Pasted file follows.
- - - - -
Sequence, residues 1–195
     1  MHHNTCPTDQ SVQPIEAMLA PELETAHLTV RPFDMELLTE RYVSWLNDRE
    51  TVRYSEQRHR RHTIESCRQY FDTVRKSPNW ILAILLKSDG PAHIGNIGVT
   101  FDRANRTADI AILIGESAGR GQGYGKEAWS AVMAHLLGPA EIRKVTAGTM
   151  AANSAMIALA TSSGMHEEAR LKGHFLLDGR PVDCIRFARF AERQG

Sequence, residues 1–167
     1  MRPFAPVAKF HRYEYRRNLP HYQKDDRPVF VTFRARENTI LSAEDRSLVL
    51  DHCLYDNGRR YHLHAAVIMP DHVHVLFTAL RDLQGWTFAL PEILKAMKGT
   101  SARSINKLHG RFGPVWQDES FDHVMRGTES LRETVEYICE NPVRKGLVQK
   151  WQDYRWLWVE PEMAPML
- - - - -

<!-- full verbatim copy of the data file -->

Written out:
Sequence, residues 1–195
     1  MHHNTCPTDQ SVQPIEAMLA PELETAHLTV RPFDMELLTE RYVSWLNDRE
    51  TVRYSEQRHR RHTIESCRQY FDTVRKSPNW ILAILLKSDG PAHIGNIGVT
   101  FDRANRTADI AILIGESAGR GQGYGKEAWS AVMAHLLGPA EIRKVTAGTM
   151  AANSAMIALA TSSGMHEEAR LKGHFLLDGR PVDCIRFARF AERQG

Sequence, residues 1–167
     1  MRPFAPVAKF HRYEYRRNLP HYQKDDRPVF VTFRARENTI LSAEDRSLVL
    51  DHCLYDNGRR YHLHAAVIMP DHVHVLFTAL RDLQGWTFAL PEILKAMKGT
   101  SARSINKLHG RFGPVWQDES FDHVMRGTES LRETVEYICE NPVRKGLVQK
   151  WQDYRWLWVE PEMAPML